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Author Topic: What determines tire pressure  (Read 370 times)

Pauly

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What determines tire pressure
« on: May 09, 2013, 12:06:08 AM »
So I get that everyone has a preference for tire pressure.  I just changed from the stock speedmasters(crap) to AM26 s.  the mechanic who installed them ran them up to 35.5 psi according to my new digital tire gauge(also crap).

So my question, the factory recommended tire pressure, is that determined by the bike or the tire?  Is it the bikes geometry that determines that number or is it the design of the tire?

Also here a. Story.  2 weekends ago the lady and I were headed to the hot springs to soak.  We stopped for gas and she said she need to add some air to her car's tires.  I asked where her gauge was, and was told she just "guesstimates" them, added air whenever she feels like they have used some up as. If it's a commodity to be used up.  I went straight in and bought the afore mentioned tire gauge. And what do you think I found? The sticker said 33 psi.  I found a 35, a 45, a 47, AND A 62 psi tire.  She said it's the first time she's ever actually seen me shocked. I'm pretty easy going but apparently my face was one of horror when the "guesstimate" came out
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High On Octane

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Re: What determines tire pressure
« Reply #1 on: May 09, 2013, 08:56:32 AM »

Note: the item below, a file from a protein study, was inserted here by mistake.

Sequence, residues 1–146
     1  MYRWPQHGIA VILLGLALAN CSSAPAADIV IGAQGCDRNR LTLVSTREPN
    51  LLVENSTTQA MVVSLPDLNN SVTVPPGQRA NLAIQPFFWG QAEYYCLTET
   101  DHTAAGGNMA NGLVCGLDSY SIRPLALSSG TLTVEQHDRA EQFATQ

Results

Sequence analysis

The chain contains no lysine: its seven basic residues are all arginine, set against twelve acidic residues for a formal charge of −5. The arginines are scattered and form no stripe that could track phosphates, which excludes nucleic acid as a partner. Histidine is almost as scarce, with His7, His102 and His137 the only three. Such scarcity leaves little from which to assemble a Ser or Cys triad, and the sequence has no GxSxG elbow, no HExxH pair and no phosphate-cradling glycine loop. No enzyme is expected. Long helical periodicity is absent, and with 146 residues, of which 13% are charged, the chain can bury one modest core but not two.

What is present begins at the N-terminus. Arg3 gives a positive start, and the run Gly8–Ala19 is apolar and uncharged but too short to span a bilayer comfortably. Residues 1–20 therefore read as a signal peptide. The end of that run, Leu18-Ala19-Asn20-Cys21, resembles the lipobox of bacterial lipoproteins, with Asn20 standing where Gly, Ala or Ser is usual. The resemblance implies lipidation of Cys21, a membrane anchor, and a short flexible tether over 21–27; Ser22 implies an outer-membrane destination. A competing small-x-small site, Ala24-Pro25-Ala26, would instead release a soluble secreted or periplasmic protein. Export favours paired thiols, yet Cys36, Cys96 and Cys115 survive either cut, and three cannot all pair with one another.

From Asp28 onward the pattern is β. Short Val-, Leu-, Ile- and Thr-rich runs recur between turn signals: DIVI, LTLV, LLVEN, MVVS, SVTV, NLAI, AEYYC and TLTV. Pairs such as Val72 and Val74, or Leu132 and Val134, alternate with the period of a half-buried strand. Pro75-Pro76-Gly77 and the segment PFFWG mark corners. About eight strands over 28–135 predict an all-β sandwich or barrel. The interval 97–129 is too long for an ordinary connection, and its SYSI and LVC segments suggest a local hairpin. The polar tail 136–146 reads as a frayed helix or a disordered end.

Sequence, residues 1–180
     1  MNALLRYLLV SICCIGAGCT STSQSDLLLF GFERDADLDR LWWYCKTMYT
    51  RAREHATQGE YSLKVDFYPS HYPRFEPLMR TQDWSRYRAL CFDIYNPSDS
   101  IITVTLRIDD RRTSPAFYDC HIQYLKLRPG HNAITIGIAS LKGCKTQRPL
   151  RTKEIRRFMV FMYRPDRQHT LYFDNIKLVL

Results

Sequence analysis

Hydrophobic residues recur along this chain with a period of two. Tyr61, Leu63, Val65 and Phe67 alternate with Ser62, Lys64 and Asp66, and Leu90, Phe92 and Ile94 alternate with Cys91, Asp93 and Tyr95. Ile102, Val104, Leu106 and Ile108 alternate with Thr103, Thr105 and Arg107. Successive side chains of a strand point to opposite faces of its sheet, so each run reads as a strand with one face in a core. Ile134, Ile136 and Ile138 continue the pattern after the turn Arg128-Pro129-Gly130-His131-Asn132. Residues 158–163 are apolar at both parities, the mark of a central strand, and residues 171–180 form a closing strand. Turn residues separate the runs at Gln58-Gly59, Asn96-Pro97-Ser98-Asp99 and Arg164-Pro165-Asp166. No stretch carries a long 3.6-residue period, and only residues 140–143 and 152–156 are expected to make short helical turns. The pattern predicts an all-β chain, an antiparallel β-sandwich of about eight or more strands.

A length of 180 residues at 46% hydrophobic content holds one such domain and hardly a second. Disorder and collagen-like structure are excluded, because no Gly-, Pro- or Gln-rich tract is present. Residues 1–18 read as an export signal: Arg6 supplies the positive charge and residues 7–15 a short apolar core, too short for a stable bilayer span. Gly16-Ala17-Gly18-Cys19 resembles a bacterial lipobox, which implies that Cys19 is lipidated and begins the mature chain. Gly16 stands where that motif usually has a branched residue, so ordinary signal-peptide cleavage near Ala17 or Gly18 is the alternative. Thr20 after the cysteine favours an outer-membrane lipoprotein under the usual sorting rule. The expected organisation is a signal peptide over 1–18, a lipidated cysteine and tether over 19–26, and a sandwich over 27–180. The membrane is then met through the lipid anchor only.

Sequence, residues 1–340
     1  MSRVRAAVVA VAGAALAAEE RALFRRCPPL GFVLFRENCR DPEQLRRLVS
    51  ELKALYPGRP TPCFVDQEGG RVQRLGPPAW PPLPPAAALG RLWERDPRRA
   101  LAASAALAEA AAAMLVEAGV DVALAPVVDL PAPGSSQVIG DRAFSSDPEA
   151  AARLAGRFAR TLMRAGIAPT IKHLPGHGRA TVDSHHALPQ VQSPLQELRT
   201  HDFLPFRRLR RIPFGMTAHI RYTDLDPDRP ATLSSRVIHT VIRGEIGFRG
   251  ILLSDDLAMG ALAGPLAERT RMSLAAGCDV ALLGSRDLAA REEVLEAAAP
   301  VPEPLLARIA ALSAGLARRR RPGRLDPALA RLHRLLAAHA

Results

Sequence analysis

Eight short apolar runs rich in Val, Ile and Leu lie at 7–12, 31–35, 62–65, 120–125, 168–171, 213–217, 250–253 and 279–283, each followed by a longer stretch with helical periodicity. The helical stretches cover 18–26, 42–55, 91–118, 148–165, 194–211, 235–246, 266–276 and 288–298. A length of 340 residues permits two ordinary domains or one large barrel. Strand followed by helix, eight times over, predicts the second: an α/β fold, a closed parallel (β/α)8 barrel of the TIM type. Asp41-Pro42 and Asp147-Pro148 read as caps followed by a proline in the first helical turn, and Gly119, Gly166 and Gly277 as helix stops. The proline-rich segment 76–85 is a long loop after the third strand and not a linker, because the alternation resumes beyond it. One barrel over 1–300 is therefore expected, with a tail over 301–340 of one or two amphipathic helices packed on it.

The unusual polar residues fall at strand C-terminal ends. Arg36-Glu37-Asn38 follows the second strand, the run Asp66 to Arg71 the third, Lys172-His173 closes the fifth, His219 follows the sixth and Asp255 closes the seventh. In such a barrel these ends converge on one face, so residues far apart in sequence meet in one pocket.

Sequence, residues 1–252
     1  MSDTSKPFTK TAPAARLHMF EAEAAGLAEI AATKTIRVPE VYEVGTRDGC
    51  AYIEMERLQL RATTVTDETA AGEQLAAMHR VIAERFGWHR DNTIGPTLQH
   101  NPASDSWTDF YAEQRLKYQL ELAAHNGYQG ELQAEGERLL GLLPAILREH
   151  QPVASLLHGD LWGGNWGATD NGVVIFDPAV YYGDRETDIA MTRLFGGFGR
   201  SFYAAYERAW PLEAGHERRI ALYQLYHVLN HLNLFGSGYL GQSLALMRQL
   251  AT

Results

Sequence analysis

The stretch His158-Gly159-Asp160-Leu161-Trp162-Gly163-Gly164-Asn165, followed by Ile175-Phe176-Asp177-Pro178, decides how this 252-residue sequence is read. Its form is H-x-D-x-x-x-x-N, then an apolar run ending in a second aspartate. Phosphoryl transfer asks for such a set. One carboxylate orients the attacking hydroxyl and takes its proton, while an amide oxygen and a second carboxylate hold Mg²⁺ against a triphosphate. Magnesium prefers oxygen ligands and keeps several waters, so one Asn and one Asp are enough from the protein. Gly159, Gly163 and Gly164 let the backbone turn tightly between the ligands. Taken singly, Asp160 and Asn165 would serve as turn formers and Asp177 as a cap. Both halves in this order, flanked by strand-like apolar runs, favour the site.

Women..... Ugh...  LOL

I'm running my tires 24psi in front and 28psi in the rear.

Scottie


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Bulletman

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Re: What determines tire pressure
« Reply #2 on: May 09, 2013, 12:05:32 PM »
Women..... Ugh...  LOL

I'm running my tires 24psi in front and 28psi in the rear.

Scottie
What TYPE/Make/Size of tires are you running on your bike?
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Re: What determines tire pressure
« Reply #3 on: May 09, 2013, 12:09:54 PM »
I have an old school Goodyear bias-ply ribbed tire on the front and an old Dunlop K81 on the rear.

Scottie


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Ducati Scotty

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Re: What determines tire pressure
« Reply #4 on: May 09, 2013, 12:58:00 PM »
In a two words: tire temperature.  As a tire rolls its temperature increases.  This is due to both external frictional forces from accelerating, braking, and cornering as well as internal frictional forces.  The body of the tire flexes under the weight of the load it carries.  As a section of the tire goes from nice and round to squashed under the load and back again, that creates a little friction in the body of the tire and that creates heat.

You want enough heat to get the tire warm so the tread of the tire sticks well but you don't want too much which would cause the body of the tire to fail.  The most extreme example is racing.  When you see a race bike come into the pits during testing you'll see two techs jab something into the front and back tires.  This is to take the temperature of the tire body.  They're looking for a perfect temperature but these tires are also being pushed to the absolute limit.